The Visual Culture of Far-Right Terrorism

Since 2019, with the attacks in Christchurch, Poway, El Paso, Bærum and Halle, a new form of right-wing terrorism has taken off. Its modus operandi consists of three inseparably linked acts: first, posting a manifesto on an image board that puts racist, far-right content into nihilistic memes; second, attacking a target group at gunpoint, killing as many people as possible and streaming the act live on the Internet; third, calling for imitation by making all information about the crime easily accessible so that a broad public can disseminate videos and images of the crime and refine the work of the perpetrators.

The course of the above-mentioned crimes and the published manifestos indicate that the perpetrators saw themselves as part of an (imaginary) digital community that anonymously exchanged information via relevant forums such as 4Chan and 8Chan and incited each other in their hatred of humanity. Online communities emerged that are not necessarily politically organised. However, their “members” communicate primarily through images that accustom people to violence and thus reduce the step from mere discourse to terror. Their visual culture, which is eclectic and playful, stands out strongly from traditional far-right visual language: It combines pop culture, infantile humour, neo-Nazi allusions and blatant contempt for humanity. So, how are these home-made digital images related to global acts of far-right terror?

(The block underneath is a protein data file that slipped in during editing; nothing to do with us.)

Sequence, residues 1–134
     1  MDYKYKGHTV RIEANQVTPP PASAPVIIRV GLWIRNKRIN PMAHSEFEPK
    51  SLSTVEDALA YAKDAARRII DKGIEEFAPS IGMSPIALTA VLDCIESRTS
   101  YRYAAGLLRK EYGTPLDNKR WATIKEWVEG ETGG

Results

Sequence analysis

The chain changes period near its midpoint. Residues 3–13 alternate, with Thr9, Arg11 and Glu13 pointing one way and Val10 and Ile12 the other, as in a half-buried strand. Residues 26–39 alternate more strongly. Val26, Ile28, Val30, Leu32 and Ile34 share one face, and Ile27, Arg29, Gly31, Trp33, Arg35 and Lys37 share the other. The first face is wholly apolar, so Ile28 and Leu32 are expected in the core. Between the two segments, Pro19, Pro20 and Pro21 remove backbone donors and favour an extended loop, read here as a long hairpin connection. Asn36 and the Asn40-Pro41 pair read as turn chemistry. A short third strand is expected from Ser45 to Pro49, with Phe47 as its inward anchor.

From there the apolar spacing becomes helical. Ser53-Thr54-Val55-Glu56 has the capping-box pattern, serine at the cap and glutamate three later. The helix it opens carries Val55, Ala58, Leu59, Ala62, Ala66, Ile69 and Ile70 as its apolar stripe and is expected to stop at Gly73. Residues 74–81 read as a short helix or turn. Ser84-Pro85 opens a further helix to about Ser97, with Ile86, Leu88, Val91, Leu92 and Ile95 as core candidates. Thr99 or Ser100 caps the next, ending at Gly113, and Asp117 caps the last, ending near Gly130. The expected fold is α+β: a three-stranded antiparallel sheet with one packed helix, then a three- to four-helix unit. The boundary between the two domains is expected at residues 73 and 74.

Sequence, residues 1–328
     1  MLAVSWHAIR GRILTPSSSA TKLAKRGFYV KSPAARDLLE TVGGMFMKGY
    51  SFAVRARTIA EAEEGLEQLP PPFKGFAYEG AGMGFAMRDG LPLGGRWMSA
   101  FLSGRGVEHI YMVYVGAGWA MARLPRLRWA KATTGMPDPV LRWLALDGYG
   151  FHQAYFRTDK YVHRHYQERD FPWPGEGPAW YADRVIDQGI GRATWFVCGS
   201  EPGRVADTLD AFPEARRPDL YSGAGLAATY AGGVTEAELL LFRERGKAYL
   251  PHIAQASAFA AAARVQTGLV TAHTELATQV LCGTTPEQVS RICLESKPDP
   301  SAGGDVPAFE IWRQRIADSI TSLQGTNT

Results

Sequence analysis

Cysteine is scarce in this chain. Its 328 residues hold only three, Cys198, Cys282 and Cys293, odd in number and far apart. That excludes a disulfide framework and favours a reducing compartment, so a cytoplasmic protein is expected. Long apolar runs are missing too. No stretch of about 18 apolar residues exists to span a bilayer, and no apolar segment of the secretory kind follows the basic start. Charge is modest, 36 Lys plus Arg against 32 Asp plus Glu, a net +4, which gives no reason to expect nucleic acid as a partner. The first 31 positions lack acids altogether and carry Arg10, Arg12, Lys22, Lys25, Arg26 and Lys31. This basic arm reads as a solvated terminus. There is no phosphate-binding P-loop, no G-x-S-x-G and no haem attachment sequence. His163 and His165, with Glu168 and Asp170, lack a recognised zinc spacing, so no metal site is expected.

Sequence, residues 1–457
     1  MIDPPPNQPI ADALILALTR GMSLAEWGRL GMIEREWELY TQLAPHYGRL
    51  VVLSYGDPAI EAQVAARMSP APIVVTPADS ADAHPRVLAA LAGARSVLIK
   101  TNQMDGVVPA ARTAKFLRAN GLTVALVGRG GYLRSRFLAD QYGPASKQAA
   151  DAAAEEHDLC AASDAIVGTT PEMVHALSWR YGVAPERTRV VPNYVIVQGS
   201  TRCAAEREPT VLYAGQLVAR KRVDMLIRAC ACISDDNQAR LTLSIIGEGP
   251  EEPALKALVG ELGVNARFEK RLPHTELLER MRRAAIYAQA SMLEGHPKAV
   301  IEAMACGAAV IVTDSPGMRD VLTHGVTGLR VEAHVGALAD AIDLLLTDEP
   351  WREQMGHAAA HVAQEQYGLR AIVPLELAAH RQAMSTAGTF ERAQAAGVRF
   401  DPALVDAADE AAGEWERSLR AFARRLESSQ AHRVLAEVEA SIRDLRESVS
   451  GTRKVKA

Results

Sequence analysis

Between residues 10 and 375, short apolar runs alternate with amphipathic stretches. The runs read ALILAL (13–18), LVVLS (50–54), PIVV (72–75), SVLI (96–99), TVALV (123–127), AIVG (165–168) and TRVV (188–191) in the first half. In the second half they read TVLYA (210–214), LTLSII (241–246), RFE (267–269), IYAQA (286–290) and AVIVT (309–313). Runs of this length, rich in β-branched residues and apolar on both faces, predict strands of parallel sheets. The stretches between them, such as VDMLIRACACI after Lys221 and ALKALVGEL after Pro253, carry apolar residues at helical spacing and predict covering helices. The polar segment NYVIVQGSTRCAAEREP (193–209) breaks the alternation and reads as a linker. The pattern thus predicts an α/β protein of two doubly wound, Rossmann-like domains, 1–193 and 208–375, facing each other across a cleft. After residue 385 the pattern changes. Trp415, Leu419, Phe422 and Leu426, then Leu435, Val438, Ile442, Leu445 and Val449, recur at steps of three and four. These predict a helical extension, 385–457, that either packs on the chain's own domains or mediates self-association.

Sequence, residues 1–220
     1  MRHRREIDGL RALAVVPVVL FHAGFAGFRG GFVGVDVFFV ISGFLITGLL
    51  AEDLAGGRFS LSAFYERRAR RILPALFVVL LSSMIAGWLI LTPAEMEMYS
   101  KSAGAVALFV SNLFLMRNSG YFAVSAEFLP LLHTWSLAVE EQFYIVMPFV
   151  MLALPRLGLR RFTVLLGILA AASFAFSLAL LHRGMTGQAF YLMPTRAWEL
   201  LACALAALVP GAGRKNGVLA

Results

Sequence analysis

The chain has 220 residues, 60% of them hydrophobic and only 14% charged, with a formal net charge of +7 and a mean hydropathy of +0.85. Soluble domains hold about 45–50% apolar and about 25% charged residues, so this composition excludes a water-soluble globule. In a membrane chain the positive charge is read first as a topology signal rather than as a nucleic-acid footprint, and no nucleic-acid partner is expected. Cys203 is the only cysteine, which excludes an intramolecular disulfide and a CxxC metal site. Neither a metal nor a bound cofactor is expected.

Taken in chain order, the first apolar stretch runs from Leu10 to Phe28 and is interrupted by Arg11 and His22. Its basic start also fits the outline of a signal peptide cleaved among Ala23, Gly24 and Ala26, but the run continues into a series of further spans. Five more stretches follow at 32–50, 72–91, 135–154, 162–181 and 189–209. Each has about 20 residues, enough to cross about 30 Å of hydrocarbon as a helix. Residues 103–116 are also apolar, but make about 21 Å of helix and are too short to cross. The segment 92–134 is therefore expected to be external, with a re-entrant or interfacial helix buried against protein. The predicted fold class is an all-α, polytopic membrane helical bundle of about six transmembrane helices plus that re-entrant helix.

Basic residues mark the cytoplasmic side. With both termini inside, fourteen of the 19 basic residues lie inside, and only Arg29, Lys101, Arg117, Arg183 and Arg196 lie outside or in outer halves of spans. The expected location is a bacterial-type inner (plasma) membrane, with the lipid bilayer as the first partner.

Visual culture in far-right mobilisation